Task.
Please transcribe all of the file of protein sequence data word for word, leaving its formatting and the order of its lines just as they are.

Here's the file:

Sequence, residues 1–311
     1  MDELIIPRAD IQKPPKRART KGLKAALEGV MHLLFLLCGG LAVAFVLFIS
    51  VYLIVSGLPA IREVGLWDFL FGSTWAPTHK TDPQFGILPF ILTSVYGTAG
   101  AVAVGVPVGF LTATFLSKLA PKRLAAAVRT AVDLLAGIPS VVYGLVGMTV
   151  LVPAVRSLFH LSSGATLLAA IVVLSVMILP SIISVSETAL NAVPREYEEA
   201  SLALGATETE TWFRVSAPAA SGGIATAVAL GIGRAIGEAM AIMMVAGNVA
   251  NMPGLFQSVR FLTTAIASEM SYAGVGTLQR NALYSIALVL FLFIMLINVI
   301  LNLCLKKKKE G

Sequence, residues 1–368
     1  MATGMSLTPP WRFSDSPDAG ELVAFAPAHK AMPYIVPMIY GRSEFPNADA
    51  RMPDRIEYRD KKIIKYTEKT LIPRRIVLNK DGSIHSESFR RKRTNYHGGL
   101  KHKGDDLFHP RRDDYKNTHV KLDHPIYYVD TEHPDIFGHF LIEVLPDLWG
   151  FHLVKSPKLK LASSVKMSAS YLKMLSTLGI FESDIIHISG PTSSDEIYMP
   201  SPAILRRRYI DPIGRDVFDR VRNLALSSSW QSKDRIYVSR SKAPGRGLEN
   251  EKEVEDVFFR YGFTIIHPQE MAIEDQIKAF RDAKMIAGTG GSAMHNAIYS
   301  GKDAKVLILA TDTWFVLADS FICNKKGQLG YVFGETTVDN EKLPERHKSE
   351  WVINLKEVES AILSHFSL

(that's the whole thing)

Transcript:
Sequence, residues 1–311
     1  MDELIIPRAD IQKPPKRART KGLKAALEGV MHLLFLLCGG LAVAFVLFIS
    51  VYLIVSGLPA IREVGLWDFL FGSTWAPTHK TDPQFGILPF ILTSVYGTAG
   101  AVAVGVPVGF LTATFLSKLA PKRLAAAVRT AVDLLAGIPS VVYGLVGMTV
   151  LVPAVRSLFH LSSGATLLAA IVVLSVMILP SIISVSETAL NAVPREYEEA
   201  SLALGATETE TWFRVSAPAA SGGIATAVAL GIGRAIGEAM AIMMVAGNVA
   251  NMPGLFQSVR FLTTAIASEM SYAGVGTLQR NALYSIALVL FLFIMLINVI
   301  LNLCLKKKKE G

Sequence, residues 1–368
     1  MATGMSLTPP WRFSDSPDAG ELVAFAPAHK AMPYIVPMIY GRSEFPNADA
    51  RMPDRIEYRD KKIIKYTEKT LIPRRIVLNK DGSIHSESFR RKRTNYHGGL
   101  KHKGDDLFHP RRDDYKNTHV KLDHPIYYVD TEHPDIFGHF LIEVLPDLWG
   151  FHLVKSPKLK LASSVKMSAS YLKMLSTLGI FESDIIHISG PTSSDEIYMP
   201  SPAILRRRYI DPIGRDVFDR VRNLALSSSW QSKDRIYVSR SKAPGRGLEN
   251  EKEVEDVFFR YGFTIIHPQE MAIEDQIKAF RDAKMIAGTG GSAMHNAIYS
   301  GKDAKVLILA TDTWFVLADS FICNKKGQLG YVFGETTVDN EKLPERHKSE
   351  WVINLKEVES AILSHFSL